WHEN RAY’S BEST FRIEND IN first grade came over for a backyard cookout last weekend, she presented a dozen long-stemmed yellow roses from her family and a heart full of wedding plans.
Gracie reminded her mother several times that week to send a wedding invitation to our youngest son, her groom, and to uninvite her dad whenever she felt mad at him.
It’s not like her affections caught Ray, 6, off guard.
Their friendship goes way back to preschool. They eat lunch at the school cafeteria side-by-side every day and act like a couple, even without matching rings.
But Ray, like his father, could not give a rat’s rear end about wedding plans.
Our boy refused even to hold the bouquet with her for a 10-second snapshot and instead called Gracie, also 6, to join him at the hole beside the garage that he and his brothers have been digging all summer.
The dynamic felt so familiar.
My husband hoped I would go four-wheeling with him in the mountains on our wedding day and resented the long to-do list I handed him instead. Sure, he wanted to get married and celebrate that through a religious ceremony and festive reception with friends and family.
Honestly, though, I suspect only his anticipation of the honeymoon kept him from jilting me at the altar given the onslaught of directions about multi-tiered cakes, boutonnieres, and folding programs.
David feels Ray’s pain, even in the context of a play date wedding. So, I know what Gracie is up against here.
It is in the genes.
This precious girl nevertheless is fond of our boy in the most innocent ways. He is quite fond of her, too.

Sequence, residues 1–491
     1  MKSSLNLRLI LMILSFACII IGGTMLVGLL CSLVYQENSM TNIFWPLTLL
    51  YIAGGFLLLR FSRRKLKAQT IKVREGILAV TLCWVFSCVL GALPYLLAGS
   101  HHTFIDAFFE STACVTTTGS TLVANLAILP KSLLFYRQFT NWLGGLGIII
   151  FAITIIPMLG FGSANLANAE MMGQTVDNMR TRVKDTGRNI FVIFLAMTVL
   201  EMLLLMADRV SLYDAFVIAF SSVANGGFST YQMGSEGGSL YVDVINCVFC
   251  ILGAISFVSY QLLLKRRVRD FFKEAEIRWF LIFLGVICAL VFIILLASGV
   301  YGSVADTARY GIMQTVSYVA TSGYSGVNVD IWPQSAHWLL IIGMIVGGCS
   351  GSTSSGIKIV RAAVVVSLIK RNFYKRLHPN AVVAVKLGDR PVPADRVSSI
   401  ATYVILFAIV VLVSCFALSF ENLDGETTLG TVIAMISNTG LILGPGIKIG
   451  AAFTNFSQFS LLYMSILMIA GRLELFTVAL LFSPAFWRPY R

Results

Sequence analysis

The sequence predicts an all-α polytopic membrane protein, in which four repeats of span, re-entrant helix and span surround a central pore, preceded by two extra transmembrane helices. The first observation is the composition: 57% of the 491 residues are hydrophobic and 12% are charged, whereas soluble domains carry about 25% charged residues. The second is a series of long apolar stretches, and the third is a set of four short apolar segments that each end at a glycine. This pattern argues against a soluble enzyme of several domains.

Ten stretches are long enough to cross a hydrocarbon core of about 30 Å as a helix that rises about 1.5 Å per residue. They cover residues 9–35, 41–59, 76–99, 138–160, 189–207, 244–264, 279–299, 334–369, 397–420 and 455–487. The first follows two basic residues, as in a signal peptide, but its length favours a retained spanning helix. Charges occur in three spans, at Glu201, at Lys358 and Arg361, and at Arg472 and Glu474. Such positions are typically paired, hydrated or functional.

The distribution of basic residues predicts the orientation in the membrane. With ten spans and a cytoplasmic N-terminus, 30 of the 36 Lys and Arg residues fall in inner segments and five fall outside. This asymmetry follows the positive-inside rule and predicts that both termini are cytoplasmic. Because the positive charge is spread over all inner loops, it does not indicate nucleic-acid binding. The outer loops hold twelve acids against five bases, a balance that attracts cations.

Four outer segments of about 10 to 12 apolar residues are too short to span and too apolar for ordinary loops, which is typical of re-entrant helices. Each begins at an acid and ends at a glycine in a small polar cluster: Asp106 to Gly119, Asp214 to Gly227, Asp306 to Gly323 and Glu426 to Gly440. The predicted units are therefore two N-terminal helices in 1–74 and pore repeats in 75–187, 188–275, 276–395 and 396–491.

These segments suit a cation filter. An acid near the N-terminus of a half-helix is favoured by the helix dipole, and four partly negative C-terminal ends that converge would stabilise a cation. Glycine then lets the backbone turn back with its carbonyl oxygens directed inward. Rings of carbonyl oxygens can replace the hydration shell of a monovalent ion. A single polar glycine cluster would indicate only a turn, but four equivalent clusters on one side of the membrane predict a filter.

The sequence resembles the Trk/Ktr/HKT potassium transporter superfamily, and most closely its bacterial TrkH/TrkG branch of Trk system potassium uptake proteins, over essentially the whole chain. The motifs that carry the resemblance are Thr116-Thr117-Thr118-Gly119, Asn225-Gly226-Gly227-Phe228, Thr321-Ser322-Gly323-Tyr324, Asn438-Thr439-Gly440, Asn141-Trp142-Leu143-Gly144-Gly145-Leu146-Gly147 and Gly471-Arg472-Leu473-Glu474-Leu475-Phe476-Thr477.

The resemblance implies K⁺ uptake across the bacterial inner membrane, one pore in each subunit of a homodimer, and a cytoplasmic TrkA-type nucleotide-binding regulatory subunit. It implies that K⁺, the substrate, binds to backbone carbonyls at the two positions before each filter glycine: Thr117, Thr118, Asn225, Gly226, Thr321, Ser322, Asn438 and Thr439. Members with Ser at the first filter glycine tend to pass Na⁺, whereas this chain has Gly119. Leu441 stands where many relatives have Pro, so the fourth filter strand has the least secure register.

And as I watched them play together, it blessed me so to see Gracie’s love rollout without labor — to see the ease with which this very chatty, vivacious girl on the autism spectrum delights in our son’s company.
That moment bounced me back to Ray’s birthday at Longmont United Hospital in December 2009. In the wee hours immediately following his birth and tentative diagnosis with Down syndrome, I entertained surreal thoughts about the future of this boy with the extra chromosome.
For instance, I wondered if he ever would wear a tuxedo — something silly that I now think symbolized the formality of adult traditions, such as getting married.
Ray cannot talk much yet due to his speech delay. As he ages, other developmental delays will cause him to fall further and further behind his peers academically as they navigate the world in increasingly complex ways.
But six years into our life together, I now know something that Gracie and Ray’s fast friendship exemplifies — that actions do speak louder than words and that our presence, not just our performance dripping with sweat equity, provides the invaluable.
Happy Labor Day!